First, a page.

On the wet afternoon of 9 December , the year Hitler came to power, as "a thousand glistening umbrellas were tilted over a thousand bowler hats", Paddy left London, boarding a Dutch steamer at Irongate wharf. He would not see Britain again until January , when he returned "for better or for worse, utterly changed by my travels".
It gave me a capacity for solitude and a sense of purpose. It taught me to read and to look at things.
I didn't go to university; I went travelling instead. On and off, for nearly 70 years, between other projects, Paddy worked on the trilogy. The first volume, A Time of Gifts , was finally published in For many of us, his descriptions of walking through midwinter Germany in the s have the status of sacred texts: "Sometimes the landscapes move further back in time," he writes in the unforgettable Winterreise chapter.
The snow falls; it is Carolingian weather.
The second volume of the trilogy, Between the Woods and the Water , followed nine years after the first. There then followed 25 years with no sign of volume three, the book that should have taken us to the gates of Byzantium.
This was what his brilliant biographer, Artemis Cooper, has called Paddy's "ice age": the writer, once capable of great waterfalls of words, seemed suddenly frozen, blocked, unable to produce a page of writing that he did not later tear up in despair. Then last summer, at the Hay festival, in conversation with Leigh Fermor's great successor Robert Macfarlane , Cooper announced that the long-awaited volume three was ready for the press, and would be published as The Broken Road. Paddy was meant to have delivered 4, words. Holed up on the island of Euboea in , he instead found words flowing at such a rate that by the end of the summer he had written 60, These, characteristically, he then abandoned and threw into a bottom drawer.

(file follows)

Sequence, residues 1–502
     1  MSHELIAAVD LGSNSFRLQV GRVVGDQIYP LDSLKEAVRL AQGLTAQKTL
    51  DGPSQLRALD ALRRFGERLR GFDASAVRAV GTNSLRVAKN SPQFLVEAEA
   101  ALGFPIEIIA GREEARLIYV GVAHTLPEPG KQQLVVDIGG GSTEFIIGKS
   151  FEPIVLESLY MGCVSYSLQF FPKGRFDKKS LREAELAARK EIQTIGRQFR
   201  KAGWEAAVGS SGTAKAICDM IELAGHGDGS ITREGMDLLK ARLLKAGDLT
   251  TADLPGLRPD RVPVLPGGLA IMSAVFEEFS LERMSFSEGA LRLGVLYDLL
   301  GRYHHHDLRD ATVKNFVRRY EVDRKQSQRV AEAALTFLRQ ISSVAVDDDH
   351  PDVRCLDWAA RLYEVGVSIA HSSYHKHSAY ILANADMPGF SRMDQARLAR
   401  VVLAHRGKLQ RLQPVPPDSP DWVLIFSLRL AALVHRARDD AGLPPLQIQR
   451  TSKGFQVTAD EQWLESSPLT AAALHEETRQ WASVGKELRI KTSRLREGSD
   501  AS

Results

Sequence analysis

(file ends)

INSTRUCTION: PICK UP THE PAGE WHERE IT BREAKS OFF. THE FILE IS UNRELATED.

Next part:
The other major source for The Broken Road was the last surviving volume of Paddy's original travel jottings, known as The Green Diary.
When the iron curtain began to lift, in , Paddy went to visit her, and she handed over to him the only surviving original record of the journey. These jottings, dating from when he was barely 20 years old, form the concluding section of the book, and take us from Constantinople to Mount Athos. All the old enthusiasms are there: the love of language and languages, the long historical and literary digressions, the perfect recollection of a lost, Ruritanian prewar and mostly pre-industrial world.
In part, this richness is a measure of the extraordinary gap between the experience and its narration. In the intervening decades, he had written several other books, becoming a fiercely learned autodidact and adventurer.
His exploits during and after World War II — when he helped to kidnap the Nazi commandant in Crete and deliver him to a waiting British submarine — are said to have helped inspire his friend Ian Fleming, the author of the James Bond novels. As a result, the travel narratives are a kind of palimpsest in which his younger and older selves exist in counterpoint.
But he did leave a manuscript. It does not always have the gemlike polish of the first two volumes. But it is an unforgettable book, full of strange encounters with a prewar Balkan cast of counts, prostitutes, peasants, priests and castrati. His memory seems eidetic; his eyes miss nothing. He seems to carry within himself a whole troupe of sharp-eyed geographers, art historians, ethnologists and multilingual poets. For anyone who has tried to document a journey, reading him is a humbling and thoroughly inspiring experience.
They benighted the air. In some respects this book is even more satisfying than its predecessors because it is less guarded; the narrator emerges as an angrier, more troubled and more persuasive character. Where is the lust? Where is the rage? He never gives way to the curse-spitting xenophobia that overcomes most travelers certainly me at some point in their journeys. He runs into plenty of jams, and meets plenty of pretty young girls; but there is something a little too noble about him, too much of the innocent abroad.
This time things are different, and the young man seems to break free of his older narrator.
Elsewhere, he meets a spirited Bulgarian girl named Nadejda and falls in love with her; their romance, though apparently unconsummated, reeks of the adolescent emotional frailty that seemed absent in the earlier books.